The Risks Digest

The RISKS Digest

Forum on Risks to the Public in Computers and Related Systems

ACM Committee on Computers and Public Policy, Peter G. Neumann, moderator

Volume 27 Issue 88

Monday 5 May 2014


U-2 Fries Air Traffic Control Computers, Shuts Down LAX
Andrew Blankstein via Henry Baker
URL problem for IE users on "Lessons from the ACM Risks Forum?
Yan Timanovsky via PGN
A student data collector drops out
Marc Rotenberg & Khaliah Barnes via PGN
Tech companies get less silent about government data collection
Serdar Yegulalp via Gene Wirchenko
Everyone Is Under Surveillance Now
*The Guardian*
Get Ready for Regulators to Peer Into Your Portfolio
Jason Zweig via Henry Baker
"This is why companies are still afraid of the cloud"
David Linthicum via Gene Wirchenko
Eggs in one basket with a Three dongle
Chris J Brady
Danish gossip magazine steals credit-card transaction information
Donald B. Wagner
"Heartbleed postmortem: OpenSSL's license discouraged scrutiny"
Simon Phipps via Gene Wirchenko
Re: heartbleed
Ivan Jager
Re: credit card fraud
Dimitri Maziuk
Re: The risks of garbage collection delays
Henry Baker
Michael Kohne
David B. Horvath
Info on RISKS (comp.risks)

U-2 Fries Air Traffic Control Computers, Shuts Down LAX

Henry Baker <>
Sat, 03 May 2014 18:45:06 -0700
What will happen when the new Google wifi drones start flying?  (I also
wonder if L.A.'s 1950's Nike missile sites in the Santa Monica mountains
went on high alert?)   HB

Andrew Blankstein, NBC News, 2 May 2014
Spy Plane Fries Air Traffic Control Computers, Shuts Down LAX

A relic from the Cold War appears to have triggered a software glitch at a
major air traffic control center in California Wednesday that led to delays
and cancellations of hundreds of flights across the country, sources
familiar with the incident told NBC News.

On Wednesday at about 2 p.m., according to sources, a U-2 spy plane, the
same type of aircraft that flew high-altitude spy missions over Russia 50
years ago, passed through the airspace monitored by the L.A. Air Route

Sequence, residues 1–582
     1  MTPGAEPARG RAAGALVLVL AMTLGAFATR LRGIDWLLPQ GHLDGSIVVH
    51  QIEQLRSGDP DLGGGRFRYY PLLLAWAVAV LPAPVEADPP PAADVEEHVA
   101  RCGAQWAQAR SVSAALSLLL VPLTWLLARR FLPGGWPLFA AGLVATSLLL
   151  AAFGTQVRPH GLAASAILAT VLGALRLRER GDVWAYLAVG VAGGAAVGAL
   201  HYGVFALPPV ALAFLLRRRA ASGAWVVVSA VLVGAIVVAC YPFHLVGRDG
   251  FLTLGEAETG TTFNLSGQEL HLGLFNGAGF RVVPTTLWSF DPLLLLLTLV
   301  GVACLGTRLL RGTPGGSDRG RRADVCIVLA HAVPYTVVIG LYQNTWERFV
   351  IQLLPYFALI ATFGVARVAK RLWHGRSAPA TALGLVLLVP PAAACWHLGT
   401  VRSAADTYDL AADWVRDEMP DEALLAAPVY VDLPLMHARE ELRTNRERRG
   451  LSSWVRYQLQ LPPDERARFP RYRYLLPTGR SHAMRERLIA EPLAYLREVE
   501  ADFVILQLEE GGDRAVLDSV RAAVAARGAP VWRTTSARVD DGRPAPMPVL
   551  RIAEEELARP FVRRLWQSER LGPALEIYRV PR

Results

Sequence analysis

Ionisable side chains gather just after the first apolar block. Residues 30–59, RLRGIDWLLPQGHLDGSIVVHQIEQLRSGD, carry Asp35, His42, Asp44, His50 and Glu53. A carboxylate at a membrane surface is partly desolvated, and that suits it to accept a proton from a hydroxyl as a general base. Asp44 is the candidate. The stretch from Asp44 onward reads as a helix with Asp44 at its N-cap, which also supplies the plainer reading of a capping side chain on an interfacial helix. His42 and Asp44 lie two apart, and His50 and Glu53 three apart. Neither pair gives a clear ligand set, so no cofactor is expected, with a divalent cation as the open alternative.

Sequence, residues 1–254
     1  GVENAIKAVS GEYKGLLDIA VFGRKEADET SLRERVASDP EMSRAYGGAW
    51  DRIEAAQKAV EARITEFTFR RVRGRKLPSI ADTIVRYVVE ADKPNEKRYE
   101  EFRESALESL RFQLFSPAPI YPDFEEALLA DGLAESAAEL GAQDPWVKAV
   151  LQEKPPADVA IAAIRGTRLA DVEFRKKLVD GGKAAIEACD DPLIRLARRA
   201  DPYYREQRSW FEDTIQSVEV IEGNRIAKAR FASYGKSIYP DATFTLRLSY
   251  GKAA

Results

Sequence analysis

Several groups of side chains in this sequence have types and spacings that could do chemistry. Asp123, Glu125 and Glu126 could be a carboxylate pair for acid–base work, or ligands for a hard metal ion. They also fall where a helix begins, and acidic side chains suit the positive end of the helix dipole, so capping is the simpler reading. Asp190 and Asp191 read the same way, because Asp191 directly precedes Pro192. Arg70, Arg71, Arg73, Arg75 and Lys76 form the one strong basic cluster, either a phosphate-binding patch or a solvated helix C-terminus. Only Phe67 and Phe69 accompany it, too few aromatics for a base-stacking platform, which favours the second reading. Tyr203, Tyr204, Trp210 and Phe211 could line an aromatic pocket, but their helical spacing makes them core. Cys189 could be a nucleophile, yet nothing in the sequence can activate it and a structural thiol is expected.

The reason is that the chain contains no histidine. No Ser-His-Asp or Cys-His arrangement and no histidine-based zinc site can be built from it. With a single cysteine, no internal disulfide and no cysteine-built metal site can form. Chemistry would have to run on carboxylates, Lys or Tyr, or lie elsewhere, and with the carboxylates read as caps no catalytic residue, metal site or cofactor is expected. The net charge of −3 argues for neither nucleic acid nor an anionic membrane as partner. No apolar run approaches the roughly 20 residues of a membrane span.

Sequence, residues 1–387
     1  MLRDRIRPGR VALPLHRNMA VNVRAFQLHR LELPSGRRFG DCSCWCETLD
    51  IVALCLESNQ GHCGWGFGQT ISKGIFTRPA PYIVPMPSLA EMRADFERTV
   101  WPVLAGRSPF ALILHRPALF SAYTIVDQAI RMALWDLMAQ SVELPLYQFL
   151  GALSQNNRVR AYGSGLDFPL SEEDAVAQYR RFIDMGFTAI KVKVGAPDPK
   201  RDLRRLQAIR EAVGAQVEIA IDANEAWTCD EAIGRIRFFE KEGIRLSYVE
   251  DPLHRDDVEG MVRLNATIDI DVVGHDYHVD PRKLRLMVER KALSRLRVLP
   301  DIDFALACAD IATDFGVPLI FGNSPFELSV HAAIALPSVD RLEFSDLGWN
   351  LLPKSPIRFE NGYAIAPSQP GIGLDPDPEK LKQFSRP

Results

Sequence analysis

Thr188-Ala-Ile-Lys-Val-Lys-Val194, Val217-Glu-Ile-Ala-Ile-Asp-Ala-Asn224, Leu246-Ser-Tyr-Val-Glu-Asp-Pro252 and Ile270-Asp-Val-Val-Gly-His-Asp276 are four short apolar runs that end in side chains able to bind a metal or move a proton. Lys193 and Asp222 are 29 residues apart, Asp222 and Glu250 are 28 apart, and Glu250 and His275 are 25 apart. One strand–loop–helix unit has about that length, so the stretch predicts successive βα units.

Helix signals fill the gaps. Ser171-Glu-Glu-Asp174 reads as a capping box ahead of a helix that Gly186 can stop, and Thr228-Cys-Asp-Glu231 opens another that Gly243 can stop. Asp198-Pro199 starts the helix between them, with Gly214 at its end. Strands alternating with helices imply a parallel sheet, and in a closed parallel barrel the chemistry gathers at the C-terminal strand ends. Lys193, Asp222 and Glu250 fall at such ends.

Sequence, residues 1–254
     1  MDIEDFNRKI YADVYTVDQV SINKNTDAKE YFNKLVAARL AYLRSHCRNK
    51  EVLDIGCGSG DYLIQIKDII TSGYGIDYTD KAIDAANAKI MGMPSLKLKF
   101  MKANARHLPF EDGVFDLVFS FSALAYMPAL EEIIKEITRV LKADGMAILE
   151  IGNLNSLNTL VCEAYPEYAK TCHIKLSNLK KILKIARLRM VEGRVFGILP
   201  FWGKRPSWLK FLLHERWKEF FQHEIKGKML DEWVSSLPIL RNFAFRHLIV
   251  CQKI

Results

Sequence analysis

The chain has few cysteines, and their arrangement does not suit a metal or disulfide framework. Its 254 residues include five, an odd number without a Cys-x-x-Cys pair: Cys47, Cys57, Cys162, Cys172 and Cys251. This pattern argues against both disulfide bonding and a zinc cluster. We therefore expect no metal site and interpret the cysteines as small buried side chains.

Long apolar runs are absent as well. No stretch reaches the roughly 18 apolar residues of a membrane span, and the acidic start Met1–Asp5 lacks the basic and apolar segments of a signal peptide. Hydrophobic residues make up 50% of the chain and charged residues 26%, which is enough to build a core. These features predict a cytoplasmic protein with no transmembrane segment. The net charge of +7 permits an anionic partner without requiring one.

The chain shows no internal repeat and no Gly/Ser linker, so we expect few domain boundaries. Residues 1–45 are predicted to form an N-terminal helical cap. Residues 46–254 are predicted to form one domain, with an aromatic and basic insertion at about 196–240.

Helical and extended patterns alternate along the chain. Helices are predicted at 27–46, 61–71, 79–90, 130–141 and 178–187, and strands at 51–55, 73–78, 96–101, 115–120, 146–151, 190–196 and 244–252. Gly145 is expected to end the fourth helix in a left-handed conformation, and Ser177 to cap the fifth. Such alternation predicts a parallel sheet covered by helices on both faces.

Traffic Control Center in Palmdale, Calif.  The L.A. Center handles landings
and departures at the region's major airports, including Los Angeles
International (LAX), San Diego and Las Vegas.

The computers at the L.A. Center are programmed to keep commercial airliners
and other aircraft from colliding with each other.  The U-2 was flying at
60,000 feet, but the computers were attempting to keep it from colliding
with planes that were actually miles beneath it.

Though the exact technical causes are not known, the spy plane's altitude
and route apparently overloaded a computer system called ERAM, which
generates display data for air-traffic controllers.  Back-up computer
systems also failed.

As a result, the Federal Aviation Administration (FAA) had to stop accepting
flights into airspace managed by the L.A. Center, issuing a nationwide
ground stop that lasted for about an hour and affected thousands of

At LAX, one of the nation's busiest airports, there were 27 cancellations of
arriving flights, as well as 212 delays and 27 diversions to other airports.
Twenty-three departing flights were canceled, while 216 were delayed.
There were also delays at the airports in Burbank, Long Beach, Ontario and
Orange County and at other airports across the Southwestern U.S.

In a statement to NBC News, the FAA said that it was “investigating a
flight-plan processing issue'' at the L.A. Air Route Traffic Control Center,
but did not elaborate on the reasons for the glitch and did not confirm that
it was related to the U-2's flight.

“FAA technical specialists resolved the specific issue that triggered the
problem on Wednesday, and the FAA has put in place mitigation measures as
engineers complete development of software changes,'' said the agency in a
statement.  “The FAA will fully analyze the event to resolve any
underlying issues that contributed to the incident and prevent a